Urology residents experience comparable workload profiles when performing live porcine nephrectomies and robotic surgery virtual reality training modules

V. Mouraviev, Martina Klein, E. Schommer, D Thiel, S. Samavedi, A. Kumar, V Patel, Raymond J. Leveillee, Raju Thomas, Julio M. Pow-Sang, Li Ming Su, Engy Mui, Roger Smith

Research output: Contribution to journalArticlepeer-review


In pursuit of improving the quality of residents’ education, the Southeastern Section of the American Urological Association (SES AUA) hosts an annual robotic training course for its residents. The workshop involves performing a robotic live porcine nephrectomy as well as virtual reality robotic training modules. The aim of this study was to evaluate workload levels of urology residents when performing a live porcine nephrectomy and the virtual reality robotic surgery training modules employed during this workshop. Twenty-one residents from 14 SES AUA programs participated in 2015. On the first-day residents were taught with didactic lectures by faculty. On the second day, trainees were divided into two groups. Half were asked to perform training modules of the Mimic da Vinci-Trainer (MdVT, Mimic Technologies, Inc., Seattle, WA, USA) for 4 h, while the other half performed nephrectomy procedures on a live porcine model using the da Vinci Si robot (Intuitive Surgical Inc., Sunnyvale, CA, USA). After the first 4 h the groups changed places for another 4-h session. All trainees were asked to complete the NASA-TLX 1-page questionnaire following both the MdVT simulation and live animal model sessions. A significant interface and TLX interaction was observed. The interface by TLX interaction was further analyzed to determine whether the scores of each of the six TLX scales varied across the two interfaces. The means of the TLX scores observed at the two interfaces were similar. The only significant difference was observed for frustration, which was significantly higher at the simulation than the animal model, t (20) = 4.12, p = 0.001. This could be due to trainees’ familiarity with live anatomical structures over skill set simulations which remain a real challenge to novice surgeons. Another reason might be that the simulator provides performance metrics for specific performance traits as well as composite scores for entire exercises. Novice trainees experienced substantial mental workload while performing tasks on both the simulator and the live animal model during the robotics course. The NASA-TLX profiles demonstrated that the live animal model and the MdVT were similar in difficulty, as indicated by their comparable workload profiles.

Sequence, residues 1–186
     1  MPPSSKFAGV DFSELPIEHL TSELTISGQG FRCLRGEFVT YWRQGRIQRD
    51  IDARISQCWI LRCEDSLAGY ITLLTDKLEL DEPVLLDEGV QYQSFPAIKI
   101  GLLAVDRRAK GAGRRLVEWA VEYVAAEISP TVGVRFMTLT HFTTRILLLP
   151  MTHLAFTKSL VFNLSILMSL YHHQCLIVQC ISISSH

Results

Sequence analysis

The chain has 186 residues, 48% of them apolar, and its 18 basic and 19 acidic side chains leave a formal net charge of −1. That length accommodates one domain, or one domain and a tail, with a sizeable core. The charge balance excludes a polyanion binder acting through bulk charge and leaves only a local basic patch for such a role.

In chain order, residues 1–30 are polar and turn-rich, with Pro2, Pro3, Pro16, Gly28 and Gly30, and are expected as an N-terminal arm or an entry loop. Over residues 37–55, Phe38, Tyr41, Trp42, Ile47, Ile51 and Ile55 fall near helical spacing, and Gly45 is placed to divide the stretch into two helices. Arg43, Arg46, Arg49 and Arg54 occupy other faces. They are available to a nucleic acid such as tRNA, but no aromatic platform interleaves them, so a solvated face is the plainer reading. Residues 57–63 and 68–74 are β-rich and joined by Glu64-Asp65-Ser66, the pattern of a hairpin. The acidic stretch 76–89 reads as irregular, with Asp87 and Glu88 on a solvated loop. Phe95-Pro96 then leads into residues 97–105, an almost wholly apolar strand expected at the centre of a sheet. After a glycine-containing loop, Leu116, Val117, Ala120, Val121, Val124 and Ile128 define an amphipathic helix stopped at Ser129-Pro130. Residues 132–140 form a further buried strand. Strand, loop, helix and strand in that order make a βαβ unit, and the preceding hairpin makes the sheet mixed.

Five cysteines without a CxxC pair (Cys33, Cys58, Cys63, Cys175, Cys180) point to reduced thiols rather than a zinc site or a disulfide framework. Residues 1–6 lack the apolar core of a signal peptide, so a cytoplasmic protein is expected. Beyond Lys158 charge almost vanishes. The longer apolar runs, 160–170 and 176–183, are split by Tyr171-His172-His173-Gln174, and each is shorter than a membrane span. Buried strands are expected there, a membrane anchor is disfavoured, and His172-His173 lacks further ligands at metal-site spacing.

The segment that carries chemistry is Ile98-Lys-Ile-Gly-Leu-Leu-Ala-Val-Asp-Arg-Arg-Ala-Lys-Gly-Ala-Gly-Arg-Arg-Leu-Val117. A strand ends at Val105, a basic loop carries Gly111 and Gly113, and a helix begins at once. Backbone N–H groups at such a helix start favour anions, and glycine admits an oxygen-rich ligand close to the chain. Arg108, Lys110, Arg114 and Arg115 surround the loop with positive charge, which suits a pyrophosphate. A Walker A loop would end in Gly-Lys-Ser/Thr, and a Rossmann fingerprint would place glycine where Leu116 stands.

Original languageEnglish
Pages (from-to)49-56
Number of pages8
JournalJournal of Robotic Surgery
Issue number1
StatePublished - Mar 1 2016


  • Mental workload
  • NASA Task Load Index
  • Robotic surgery training


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